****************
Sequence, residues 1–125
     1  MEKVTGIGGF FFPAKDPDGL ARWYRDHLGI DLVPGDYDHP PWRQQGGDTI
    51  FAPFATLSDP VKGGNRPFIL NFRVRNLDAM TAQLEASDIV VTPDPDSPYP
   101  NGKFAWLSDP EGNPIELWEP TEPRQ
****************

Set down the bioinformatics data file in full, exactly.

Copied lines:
Sequence, residues 1–125
     1  MEKVTGIGGF FFPAKDPDGL ARWYRDHLGI DLVPGDYDHP PWRQQGGDTI
    51  FAPFATLSDP VKGGNRPFIL NFRVRNLDAM TAQLEASDIV VTPDPDSPYP
   101  NGKFAWLSDP EGNPIELWEP TEPRQ